One NHS reorganisation too many: time to move onBMJ 2006; 333 doi: https://doi.org/10.1136/bmj.333.7568.608 (Published 14 September 2006) Cite this as: BMJ 2006;333:608
All rapid responses
Dear Sarah Wilson,
May I just say in passing that your Personal View, "One NHS
too many: time to move on" is possibly the most irritating piece of self-
justifying, buck-passing I have ever read?
You begin well. "Most British doctors are not affected by NHS
reorganisations. They manage to continue to concentrate on caring for
their patients, despite the surrounding upheaval". Having established your
credentials as a life-form from another planet, you then assert that,
"many GPs and consultants don't know what the current NHS structure
is...and to them it probably doesn't matter."
Without pause to allow me to scrape my jaw off the floor, you go on to
blithely describe how the NHS has been used and abused as a political
plaything over the last ten years. You chose to highlight this as,
"Contestability confronted professional protectionism".
What? We doctors suddenly woke up from our stuporous slumber one
realised what you all were up to and reflexly dug in the old heels with an
unthinking, "Not in my house, mate"?
The sorry tale of the multiple ill thought-out redisorganisations of
last few years is then rolled out in all its gory glory. You seem to
suggest that from 2002 to 2004 unprecedented progress was made on all
fronts; health inequalities, local needs, parlous Primary Care, dirty
hospitals, staff recruitment, target setting and getting. You present no
evidence for these bold assertions...you certainly didn't ask those of us,
"managing to concentrate on caring for patients despite the surrounding
You claim an end result that provided "a more patient-centred
I nearly gave up reading here; fairy tales and fantasy just don't do it
However, it appears your tale has a sad ending. Despite already
achievements, in 2005 you were requested to, "create a patient-led NHS".
And guess what? The money had run out, the NHS was broken beyond repair
and, despite setting out to halve management costs, possibly the first and
only initiative I would support, you became "disillusioned". Well, welcome
to the real world, grasshopper.
To put it another way, you belatedly discovered you had colluded in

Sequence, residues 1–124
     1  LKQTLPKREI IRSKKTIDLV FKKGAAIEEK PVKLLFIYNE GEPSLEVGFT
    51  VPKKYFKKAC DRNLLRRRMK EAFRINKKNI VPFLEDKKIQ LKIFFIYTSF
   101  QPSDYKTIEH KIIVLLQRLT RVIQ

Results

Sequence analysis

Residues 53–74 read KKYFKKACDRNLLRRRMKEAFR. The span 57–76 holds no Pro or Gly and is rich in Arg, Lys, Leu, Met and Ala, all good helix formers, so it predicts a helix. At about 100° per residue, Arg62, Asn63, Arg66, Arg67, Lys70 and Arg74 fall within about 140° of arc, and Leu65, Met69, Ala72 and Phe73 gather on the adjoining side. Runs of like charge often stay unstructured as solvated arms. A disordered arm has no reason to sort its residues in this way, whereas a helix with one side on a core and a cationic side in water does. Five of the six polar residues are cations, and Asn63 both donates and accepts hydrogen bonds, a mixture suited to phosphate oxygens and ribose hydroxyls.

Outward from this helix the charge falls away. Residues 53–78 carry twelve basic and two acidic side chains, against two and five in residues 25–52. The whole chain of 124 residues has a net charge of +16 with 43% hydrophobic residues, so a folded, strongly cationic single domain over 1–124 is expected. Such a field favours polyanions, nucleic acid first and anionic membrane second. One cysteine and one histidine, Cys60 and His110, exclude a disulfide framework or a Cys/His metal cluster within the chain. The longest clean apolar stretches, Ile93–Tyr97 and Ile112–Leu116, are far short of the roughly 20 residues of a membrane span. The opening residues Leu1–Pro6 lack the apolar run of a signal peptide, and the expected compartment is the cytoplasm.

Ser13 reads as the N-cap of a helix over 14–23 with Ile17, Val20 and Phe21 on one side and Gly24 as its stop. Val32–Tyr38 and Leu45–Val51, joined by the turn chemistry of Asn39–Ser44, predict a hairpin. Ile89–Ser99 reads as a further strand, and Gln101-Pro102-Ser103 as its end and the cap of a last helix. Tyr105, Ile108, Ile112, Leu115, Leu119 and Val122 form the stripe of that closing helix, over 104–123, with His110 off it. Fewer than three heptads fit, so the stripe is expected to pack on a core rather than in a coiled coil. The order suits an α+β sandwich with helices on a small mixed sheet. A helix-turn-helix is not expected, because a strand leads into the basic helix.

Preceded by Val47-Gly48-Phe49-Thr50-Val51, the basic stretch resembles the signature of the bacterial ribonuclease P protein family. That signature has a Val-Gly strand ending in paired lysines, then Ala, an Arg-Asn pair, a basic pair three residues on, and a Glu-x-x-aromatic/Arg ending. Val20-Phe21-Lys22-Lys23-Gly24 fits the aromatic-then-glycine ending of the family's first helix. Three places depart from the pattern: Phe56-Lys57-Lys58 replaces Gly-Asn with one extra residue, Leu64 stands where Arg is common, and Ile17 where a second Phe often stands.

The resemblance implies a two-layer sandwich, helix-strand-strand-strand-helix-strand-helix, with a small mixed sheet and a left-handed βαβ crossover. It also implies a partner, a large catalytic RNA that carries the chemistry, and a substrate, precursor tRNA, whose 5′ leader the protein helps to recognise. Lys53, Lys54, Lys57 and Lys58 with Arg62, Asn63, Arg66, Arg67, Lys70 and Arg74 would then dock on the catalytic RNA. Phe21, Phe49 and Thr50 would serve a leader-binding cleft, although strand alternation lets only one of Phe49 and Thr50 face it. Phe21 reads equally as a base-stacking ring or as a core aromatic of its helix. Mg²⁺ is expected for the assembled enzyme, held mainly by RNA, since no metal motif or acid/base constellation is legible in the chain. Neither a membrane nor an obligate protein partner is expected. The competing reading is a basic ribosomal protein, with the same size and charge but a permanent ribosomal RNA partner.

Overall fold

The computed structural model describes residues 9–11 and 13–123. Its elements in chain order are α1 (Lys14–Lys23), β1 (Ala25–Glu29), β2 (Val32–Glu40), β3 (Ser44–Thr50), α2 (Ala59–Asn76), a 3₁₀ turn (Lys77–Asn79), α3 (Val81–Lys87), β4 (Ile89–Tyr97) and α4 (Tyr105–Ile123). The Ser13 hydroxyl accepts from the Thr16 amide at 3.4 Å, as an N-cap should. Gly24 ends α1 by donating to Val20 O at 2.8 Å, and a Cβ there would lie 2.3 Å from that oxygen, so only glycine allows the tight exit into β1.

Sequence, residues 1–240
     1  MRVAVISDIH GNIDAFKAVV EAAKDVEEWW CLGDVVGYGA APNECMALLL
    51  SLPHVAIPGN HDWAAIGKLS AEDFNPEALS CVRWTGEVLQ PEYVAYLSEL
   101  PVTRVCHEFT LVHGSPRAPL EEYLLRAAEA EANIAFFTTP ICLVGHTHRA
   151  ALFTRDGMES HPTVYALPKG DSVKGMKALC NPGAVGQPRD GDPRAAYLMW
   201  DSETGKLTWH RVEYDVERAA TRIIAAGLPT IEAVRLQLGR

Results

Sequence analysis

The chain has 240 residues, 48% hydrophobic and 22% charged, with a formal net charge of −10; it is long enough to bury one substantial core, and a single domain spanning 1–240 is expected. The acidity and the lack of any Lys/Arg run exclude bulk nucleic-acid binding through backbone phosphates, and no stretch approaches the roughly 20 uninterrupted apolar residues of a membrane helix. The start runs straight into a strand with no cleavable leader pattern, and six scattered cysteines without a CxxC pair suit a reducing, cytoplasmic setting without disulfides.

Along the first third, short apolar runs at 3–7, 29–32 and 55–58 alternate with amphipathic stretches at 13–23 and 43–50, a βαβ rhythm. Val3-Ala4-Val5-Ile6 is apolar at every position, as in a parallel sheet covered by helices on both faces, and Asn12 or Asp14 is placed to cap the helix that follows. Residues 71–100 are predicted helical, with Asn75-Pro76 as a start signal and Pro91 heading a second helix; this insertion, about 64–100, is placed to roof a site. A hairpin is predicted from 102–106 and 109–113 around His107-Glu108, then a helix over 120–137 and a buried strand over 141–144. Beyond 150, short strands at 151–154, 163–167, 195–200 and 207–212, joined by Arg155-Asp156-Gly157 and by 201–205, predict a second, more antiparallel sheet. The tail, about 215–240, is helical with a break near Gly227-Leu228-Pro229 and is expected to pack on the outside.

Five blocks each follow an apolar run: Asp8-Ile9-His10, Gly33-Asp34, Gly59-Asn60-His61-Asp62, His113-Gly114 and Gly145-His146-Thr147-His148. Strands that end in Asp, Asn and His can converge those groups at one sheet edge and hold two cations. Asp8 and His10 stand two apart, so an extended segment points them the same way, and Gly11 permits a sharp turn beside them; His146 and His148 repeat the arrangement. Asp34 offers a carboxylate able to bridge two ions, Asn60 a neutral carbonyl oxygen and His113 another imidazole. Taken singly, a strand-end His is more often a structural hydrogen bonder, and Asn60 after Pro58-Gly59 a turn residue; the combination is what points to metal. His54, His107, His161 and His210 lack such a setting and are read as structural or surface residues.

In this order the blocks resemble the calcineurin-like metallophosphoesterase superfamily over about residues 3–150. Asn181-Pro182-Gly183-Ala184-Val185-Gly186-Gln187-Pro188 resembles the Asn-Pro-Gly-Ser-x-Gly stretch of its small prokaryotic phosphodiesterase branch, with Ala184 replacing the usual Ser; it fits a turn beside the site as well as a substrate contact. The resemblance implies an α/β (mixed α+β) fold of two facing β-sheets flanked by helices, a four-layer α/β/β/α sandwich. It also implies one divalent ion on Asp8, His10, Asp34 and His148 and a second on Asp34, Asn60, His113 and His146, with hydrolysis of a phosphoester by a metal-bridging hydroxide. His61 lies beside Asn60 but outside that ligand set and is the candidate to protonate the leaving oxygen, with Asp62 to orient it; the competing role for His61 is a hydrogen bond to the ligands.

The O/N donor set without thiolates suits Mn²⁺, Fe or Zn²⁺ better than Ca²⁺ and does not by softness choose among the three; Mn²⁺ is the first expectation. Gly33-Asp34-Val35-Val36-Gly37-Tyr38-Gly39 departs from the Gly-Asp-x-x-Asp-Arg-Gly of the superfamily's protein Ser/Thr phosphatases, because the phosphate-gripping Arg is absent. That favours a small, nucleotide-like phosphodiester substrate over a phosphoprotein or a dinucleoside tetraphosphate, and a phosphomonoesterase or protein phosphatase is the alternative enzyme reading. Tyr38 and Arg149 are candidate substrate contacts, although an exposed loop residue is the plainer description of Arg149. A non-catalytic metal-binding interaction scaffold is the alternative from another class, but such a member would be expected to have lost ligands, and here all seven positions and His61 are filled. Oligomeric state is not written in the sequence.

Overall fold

own destruction as well as that of the NHS.
None of us left working in the remains, including the patients, know
will happen next. We suspect it will not be good.
Meanwhile, I wish you well in your transfer to the "large independent
sector healthcare provider" you mention. Excuse me if I am less concerned
with your "exciting and brave career move" than with the mess you leave
Competing interests: No competing interests
This is a surprising Personal View. I suspect most doctors who have
been afflicted by years of institutional revolution in the NHS would be
astonished at the assertion that they are not affected by it, especially
when that assertion comes from one who has connived with it.
If they do not understand the structure of the NHS, it is surely
because it alters so frequently that those at the clinical sharp end have
difficulty keeping track with the latest changes.
The author's description of her work indicates that she was part of
I can sympathise with her decision to leave the NHS because ongoing
upheaval has frequently led to job losses and continues so to do.
Adherence to New Labour in practice does not necessarily pay the bills.
I do hope that the author is enjoying greater fulfilment and
stability in her new post, unlike those left behind in the NHS. No doubt
she will consider the views of those who work in the acute hospitals
Netcare seeks to run (1). I wish her well in preventing the recurrence of
problems such as reported "contract failings over clinical responsibility"
involving Netcare (2),failure to register with the Healthcare Commission
(3), and concerns over prevention of infection (4).
The ongoing privatisation of the National Health Service remains a
cause for concern and we are all very much affected by it, especially
those at the clinical coal face, whether we are doctors or patients.
(1) Hospital Doctor 14 September 2006 http://www.hospital-
(2) Hospital Doctor 3 November 2005 http://www.hospital-
(3) Hospital Doctor 7 July 2005 http://www.hospital-
(4) BBC News Lancashire 1 August 2005
PG has an academic interest in preventing medical error, and, like Dr Wilson, has left the NHS
Competing interests: No competing interests